1. Pingback: Bruce Charlton Gets It (Followup to “Magicians of the Outer Right”) | Reaction Times

  2. I heard something very interesting in relation to the contrast between Orthodoxy and Catholicism.
    A point of contention between Eastern and Western Christianity is the alteration to the Nicene Creed by Catholicism which adds the capitalized addition to this section.

    And in the Holy Spirit, the Lord, the giver of life,
    who proceeds from the Father AND THE SON
    who with the Father and the Son is adored and glorified.

    Jesus’ Christological title of the ‘Logos’ is synonymous with ‘reason’ and ‘discourse’, and most Eastern Christians do not believe the Holy Spirit proceeds from the Son, but from the Father only, and this does not pass through a filter of reason, allowing a more arational and mystical conception of the Holy Spirit. It is why Orthodoxy has been steeped in mysticism since the early years (not always to the greater good), while Catholicism does not feature such a trend. It’s very interesting to hear a Mormon perspective on what is essentially the same issue, since Christianity’s relation to other religions is a key aspect of mysticism.

    Liked by 1 person

  3. I agree. Most modern day pagans are not actually pagan but anti-Christian atheists who like to dress up their atheism in fancier clothes.

    Then there are the eth-nats who bemoan Christianity as being Middle Eastern and not compatible with European values. But Christianity developed in the Hellenic and Roman worlds – a very Indo-European world. As Christianity spread across Europe, Christianity itself became more Indo-European as it incorporated and subsumed the various pagan religions and mystery cults.

    It was only much later, such as with the Reformation, that Christianity mutated into something in conflict with European values. There’s always talk in alt-right circles about the need for a new religion, a faith for Europe when all is needed is a return to an older Christianity, when it was exclusively about Europe.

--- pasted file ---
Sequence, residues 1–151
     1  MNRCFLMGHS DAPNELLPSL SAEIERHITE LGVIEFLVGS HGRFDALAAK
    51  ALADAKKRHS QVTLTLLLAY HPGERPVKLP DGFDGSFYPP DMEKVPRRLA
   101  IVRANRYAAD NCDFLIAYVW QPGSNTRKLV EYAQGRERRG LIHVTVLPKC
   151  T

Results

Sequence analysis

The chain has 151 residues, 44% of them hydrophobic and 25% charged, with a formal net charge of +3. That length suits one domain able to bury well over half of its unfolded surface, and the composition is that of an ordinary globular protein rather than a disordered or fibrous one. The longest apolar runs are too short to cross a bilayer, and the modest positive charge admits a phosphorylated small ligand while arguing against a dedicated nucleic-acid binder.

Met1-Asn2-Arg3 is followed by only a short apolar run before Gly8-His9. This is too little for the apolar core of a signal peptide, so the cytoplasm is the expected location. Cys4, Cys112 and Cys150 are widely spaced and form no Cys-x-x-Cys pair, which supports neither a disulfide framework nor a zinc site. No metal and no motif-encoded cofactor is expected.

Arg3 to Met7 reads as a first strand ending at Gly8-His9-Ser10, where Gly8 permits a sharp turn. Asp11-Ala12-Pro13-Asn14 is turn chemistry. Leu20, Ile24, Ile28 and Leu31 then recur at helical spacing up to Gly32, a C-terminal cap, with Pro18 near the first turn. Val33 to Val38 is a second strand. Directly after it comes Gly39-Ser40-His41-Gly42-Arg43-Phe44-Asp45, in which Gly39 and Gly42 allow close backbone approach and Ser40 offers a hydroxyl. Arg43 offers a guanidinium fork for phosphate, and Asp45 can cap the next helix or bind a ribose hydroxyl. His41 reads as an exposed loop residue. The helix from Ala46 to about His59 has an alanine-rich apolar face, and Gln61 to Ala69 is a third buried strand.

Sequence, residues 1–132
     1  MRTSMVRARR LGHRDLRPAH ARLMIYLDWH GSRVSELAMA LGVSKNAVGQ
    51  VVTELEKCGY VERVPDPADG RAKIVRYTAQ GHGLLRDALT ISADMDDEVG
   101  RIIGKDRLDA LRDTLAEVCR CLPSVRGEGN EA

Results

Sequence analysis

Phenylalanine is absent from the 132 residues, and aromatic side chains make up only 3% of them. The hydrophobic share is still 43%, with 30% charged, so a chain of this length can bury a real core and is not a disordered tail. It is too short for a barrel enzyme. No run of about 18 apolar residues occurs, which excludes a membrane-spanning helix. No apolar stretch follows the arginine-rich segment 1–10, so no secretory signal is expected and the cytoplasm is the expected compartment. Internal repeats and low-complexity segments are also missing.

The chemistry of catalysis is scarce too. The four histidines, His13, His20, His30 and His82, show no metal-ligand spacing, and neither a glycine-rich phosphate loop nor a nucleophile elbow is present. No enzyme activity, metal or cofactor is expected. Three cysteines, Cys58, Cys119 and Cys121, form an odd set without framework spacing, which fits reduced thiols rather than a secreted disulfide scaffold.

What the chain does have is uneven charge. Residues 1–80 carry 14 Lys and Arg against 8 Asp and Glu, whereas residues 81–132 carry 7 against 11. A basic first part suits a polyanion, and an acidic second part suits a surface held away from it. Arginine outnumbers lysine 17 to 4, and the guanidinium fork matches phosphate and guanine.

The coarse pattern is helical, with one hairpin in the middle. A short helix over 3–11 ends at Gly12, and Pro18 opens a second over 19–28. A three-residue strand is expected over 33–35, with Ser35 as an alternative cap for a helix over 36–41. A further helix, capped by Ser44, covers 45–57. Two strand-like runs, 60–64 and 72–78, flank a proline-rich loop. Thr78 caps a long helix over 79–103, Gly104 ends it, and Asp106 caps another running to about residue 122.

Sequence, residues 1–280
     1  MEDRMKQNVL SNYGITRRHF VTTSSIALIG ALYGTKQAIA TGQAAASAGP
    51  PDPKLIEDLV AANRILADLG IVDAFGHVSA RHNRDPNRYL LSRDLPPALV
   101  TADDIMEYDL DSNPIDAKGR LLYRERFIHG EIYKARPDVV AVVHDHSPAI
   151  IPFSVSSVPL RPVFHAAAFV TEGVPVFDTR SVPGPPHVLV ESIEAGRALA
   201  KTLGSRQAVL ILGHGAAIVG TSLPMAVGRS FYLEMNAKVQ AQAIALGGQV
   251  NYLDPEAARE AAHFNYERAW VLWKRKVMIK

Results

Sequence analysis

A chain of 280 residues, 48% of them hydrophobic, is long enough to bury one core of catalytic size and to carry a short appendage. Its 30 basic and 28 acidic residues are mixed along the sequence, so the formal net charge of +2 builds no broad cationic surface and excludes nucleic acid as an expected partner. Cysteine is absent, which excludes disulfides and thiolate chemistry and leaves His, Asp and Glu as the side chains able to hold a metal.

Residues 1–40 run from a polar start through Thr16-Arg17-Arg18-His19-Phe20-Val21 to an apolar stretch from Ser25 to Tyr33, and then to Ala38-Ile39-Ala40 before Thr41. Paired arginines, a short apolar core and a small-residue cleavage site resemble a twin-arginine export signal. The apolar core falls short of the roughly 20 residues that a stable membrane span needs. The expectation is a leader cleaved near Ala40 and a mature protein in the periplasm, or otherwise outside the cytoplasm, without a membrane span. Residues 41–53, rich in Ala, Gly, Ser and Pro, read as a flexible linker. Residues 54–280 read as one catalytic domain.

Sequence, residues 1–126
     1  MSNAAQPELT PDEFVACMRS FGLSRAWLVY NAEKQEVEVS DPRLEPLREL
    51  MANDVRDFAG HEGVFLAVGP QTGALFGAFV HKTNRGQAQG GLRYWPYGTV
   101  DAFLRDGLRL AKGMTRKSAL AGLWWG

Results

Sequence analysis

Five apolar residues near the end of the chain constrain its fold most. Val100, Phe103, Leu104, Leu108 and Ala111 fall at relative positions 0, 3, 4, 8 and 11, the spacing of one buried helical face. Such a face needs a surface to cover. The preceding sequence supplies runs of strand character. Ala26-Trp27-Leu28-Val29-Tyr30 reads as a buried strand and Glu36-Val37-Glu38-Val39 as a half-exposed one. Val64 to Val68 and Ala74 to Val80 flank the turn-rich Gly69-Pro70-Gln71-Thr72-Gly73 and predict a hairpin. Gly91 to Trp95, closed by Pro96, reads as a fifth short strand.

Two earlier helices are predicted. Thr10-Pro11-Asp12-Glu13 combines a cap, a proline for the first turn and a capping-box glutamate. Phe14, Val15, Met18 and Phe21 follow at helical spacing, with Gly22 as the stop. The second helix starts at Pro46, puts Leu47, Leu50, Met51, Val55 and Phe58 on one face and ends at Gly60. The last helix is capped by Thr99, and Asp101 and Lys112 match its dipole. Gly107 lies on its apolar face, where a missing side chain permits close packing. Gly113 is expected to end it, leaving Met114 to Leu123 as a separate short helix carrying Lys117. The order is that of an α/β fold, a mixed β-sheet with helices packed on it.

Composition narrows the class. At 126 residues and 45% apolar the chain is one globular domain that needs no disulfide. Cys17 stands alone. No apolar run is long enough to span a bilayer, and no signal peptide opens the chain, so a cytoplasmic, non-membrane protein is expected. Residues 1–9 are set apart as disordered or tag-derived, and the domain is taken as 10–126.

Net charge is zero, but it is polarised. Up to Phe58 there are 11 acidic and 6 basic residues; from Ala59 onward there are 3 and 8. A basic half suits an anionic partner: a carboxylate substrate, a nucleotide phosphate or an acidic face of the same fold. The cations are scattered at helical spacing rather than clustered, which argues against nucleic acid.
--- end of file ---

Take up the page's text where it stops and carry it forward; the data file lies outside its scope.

I know many English nationalist types who play-act at being pagans but ignore centuries of English Christianity. I’d like to see them stand at the grave of Harold Godwinson, the last Anglo-Saxon and Orthodox King of England, greater man than any of us, and tell him he was wrong – that he was following Semitic values.

    I know of an ancient Anglo-Saxon stone cross in England, engraved with pagan iconography, mainly decorative depictions of the world-tree, but at the top is a depiction of Odin on his eight legged horse Sleipnir. It sounds very confusing to modern eyes, but I don’t think our Anglo-Saxon ancestors had any difficulty reconciling this. They were Christian and had had the latest Truth of the world revealed to them, but this was an addition to the story, not a re-write. They were still the descendants of Hengist and Horsa, who were themselves descended from Odin. This is only a problem for eyes steeped in modernism.

    A non-European, non-Christian example: The Pashtun people of Pakistan and Afghanistan were converted to Islam but they retain their far older Pashtun identity. They were Pashtun long before they were Muslim and they follow their Pashtun traditions and code of honour. This often conflicts with their Muslim faith.

    The exoteric elements of Islam are moulded to fit around their older identity. They do not tie themselves in theosophical knots trying to reconcile this. They do not argue about whether they are good or bad Muslims for doing this and they are simply not interested in explaining it to outsiders. If you disagree with them they do not care.

    Liked by 1 person

  4. Pingback: Outside in - Involvements with reality » Blog Archive » Chaos Patch (#75)

  5. Pingback: This Week in Reaction (2015/08/16) | The Reactivity Place